By 1984, the shiny veneer of Scott Walker’s career as a British pop superstar had all but vanished. Scott 4 , while considered relatively tame and comparable to his first three Scott albums today, was viewed as too dense and dark upon its’ initial release in 1969 and was a commercial flop. It was the final tipping point before the singer fell into relative obscurity for nearly a decade. A brief but welcome reunion of the singers’ original pop trio The Walker Brothers in the late 70s brought a renewed interest in Walker and a new appreciation for his forward thinking compositions. The Walkers Brother’s 1978 album Nite Flights was a hint at a unique new direction, but 1984’s Climate of Hunter was Scott Walker’s true transitional album.
Walker is the master of strange juxtapositions in his music. Album opener “Rawhide” begins with what sounds like someone unable to find a steady rhythm on a cowbell before morphing into a driven and fully orchestrated pop song. The signature jarring string sound that Walker first started to pioneer as early as Scott 3 is used to full effect on Climate of Hunter. Always skirting a thin line between falling into total dissonance and floating into ethereal bliss, the droning strings serve as mainly the background to the seemingly disparate elements that appear throughout. Lyrically, the album is abstract and nearly impenetrable, continuing Walker’s obsession with “blocks” of words that first appeared on the Walker Brother’s Nite Flights. More focused on the aesthetic quality of the printed word on the page than the actual content contained therein, the lyrics are more akin to Burroughs’ cut-up writing technique than the risqué pop narratives Walker was associated with in his past.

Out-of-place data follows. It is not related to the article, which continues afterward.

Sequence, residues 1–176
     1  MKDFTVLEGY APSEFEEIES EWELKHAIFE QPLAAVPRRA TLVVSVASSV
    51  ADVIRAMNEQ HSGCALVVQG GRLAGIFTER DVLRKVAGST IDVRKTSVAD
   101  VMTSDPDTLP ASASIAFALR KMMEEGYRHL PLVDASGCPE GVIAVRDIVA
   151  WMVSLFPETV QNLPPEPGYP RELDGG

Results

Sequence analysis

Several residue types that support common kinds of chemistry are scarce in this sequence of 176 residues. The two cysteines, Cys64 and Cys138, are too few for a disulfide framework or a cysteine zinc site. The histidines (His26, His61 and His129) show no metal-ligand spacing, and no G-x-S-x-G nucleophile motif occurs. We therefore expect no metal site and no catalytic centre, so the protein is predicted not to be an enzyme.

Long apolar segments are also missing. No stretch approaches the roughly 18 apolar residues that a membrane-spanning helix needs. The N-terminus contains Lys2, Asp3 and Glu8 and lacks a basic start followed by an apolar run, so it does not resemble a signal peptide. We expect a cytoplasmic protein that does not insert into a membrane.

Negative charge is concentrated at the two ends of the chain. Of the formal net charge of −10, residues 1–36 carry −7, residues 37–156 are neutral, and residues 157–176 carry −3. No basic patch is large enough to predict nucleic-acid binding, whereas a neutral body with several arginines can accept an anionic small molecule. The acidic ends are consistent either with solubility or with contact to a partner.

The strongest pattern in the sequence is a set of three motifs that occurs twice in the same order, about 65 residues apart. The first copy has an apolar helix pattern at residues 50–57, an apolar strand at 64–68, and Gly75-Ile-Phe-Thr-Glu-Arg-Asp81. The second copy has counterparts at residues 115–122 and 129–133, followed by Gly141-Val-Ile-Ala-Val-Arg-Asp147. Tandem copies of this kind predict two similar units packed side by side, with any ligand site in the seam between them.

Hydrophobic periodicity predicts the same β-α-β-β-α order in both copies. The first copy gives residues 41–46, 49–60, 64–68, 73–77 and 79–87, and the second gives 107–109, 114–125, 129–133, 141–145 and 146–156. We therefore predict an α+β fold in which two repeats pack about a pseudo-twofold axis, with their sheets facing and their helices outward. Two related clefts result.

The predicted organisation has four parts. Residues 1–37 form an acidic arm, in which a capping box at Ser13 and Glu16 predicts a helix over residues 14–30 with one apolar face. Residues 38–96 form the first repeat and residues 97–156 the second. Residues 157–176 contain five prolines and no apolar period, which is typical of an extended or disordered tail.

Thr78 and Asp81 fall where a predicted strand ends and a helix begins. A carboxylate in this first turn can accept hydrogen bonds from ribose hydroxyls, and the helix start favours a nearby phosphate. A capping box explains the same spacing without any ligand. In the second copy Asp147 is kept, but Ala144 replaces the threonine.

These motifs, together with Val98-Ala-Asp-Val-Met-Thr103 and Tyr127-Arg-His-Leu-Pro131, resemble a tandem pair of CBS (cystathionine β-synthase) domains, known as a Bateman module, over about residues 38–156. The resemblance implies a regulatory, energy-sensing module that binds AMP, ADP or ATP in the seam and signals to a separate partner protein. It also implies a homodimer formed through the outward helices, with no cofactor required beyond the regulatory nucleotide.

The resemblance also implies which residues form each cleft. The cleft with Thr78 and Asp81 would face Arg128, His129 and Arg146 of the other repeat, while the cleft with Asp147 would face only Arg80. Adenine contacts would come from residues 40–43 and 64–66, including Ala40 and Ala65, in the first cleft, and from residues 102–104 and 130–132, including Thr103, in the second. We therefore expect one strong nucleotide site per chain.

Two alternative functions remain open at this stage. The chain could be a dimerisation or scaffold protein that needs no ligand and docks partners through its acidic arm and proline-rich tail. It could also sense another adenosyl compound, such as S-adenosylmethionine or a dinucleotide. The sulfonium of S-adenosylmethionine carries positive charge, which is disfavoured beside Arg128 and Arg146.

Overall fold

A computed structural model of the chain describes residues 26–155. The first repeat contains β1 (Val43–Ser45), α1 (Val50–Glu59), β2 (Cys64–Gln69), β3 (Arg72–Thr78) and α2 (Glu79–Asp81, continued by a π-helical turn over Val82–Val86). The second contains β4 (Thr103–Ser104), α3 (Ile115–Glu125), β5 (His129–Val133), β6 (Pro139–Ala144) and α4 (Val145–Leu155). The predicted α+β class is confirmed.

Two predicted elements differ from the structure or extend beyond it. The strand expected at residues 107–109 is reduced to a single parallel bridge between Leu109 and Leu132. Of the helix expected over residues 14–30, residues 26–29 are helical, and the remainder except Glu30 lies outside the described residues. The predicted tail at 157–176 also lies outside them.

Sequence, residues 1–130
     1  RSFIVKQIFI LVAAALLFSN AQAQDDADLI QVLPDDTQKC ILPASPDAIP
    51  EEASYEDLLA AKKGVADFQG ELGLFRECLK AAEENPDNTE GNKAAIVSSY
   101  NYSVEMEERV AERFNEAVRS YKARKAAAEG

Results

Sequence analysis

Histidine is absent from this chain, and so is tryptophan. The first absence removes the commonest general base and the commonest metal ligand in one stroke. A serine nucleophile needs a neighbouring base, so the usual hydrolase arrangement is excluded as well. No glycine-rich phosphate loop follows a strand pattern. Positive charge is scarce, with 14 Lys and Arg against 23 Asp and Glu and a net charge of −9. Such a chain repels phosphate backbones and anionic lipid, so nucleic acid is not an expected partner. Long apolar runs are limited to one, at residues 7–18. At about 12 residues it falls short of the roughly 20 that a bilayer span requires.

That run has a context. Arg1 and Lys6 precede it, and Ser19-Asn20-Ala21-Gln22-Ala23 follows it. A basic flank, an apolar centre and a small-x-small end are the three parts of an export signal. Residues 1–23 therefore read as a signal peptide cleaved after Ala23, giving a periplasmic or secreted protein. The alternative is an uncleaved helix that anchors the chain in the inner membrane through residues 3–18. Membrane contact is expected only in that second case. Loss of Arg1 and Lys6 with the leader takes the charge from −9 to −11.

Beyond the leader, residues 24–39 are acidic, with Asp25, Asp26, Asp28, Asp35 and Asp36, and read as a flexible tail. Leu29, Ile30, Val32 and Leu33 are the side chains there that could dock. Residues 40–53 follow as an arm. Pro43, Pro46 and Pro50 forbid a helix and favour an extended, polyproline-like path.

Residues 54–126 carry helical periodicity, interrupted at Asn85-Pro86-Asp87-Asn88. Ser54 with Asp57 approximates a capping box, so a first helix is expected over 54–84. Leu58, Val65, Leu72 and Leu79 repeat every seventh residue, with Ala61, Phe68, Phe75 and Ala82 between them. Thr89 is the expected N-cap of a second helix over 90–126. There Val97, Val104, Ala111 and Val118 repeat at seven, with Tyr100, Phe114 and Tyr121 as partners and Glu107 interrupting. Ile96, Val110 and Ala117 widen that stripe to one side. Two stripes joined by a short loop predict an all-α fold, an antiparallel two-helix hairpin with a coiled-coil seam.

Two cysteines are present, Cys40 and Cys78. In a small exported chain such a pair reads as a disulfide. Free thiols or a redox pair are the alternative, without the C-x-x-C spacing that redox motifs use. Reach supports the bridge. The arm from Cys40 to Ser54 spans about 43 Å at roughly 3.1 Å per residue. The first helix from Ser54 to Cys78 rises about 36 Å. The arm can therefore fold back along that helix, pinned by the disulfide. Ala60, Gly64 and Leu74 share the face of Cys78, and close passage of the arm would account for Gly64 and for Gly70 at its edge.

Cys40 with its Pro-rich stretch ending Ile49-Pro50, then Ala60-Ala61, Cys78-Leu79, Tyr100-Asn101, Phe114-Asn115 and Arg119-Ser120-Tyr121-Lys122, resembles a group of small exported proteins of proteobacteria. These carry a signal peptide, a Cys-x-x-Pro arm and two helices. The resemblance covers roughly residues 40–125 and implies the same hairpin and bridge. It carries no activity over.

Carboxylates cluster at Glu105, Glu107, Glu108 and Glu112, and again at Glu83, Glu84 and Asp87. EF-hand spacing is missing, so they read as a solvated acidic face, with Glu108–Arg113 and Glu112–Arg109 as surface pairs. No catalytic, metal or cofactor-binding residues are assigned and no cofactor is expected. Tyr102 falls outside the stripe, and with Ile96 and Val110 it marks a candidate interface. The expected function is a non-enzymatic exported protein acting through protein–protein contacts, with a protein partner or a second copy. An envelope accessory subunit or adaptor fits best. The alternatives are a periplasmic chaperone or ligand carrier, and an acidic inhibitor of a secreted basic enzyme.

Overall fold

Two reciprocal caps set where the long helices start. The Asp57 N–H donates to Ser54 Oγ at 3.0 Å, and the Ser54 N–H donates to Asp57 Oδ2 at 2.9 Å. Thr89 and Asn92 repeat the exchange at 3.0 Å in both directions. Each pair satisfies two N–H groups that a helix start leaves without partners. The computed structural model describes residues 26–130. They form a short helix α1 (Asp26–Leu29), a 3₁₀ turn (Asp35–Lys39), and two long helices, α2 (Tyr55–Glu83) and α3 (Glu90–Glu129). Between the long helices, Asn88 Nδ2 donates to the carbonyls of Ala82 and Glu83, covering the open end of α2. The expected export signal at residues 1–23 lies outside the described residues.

Walker hired many established session and guest musicians for the recording of Climate of Hunter and reportedly kept the recording work in progress secretive from most. Only few were trusted to hear and play along with Walker’s melodic plan for the music. Nothing else typifies this recording style more than the albums most fascinating moment, “Dealer.” “Dealer” is a song more focused on textural complexity than melodic coherence. Mo Foster’s bass provides a spacey, melodic counterpoint to Scott’s crooning baritone and chiming synthesizer flourishes, and Peter Van Hook’s drums, while played in a traditional 4/4 rock beat, oddly accent the third beat making the rhythm anything but traditional. Free jazz Pioneer Evan Parker’s saxophone and Mark Isham’s trumpet drift in and out; at points it feels like the song will disappear with them into the distance. The effect is one of Walker’s most gorgeous and memorable creations.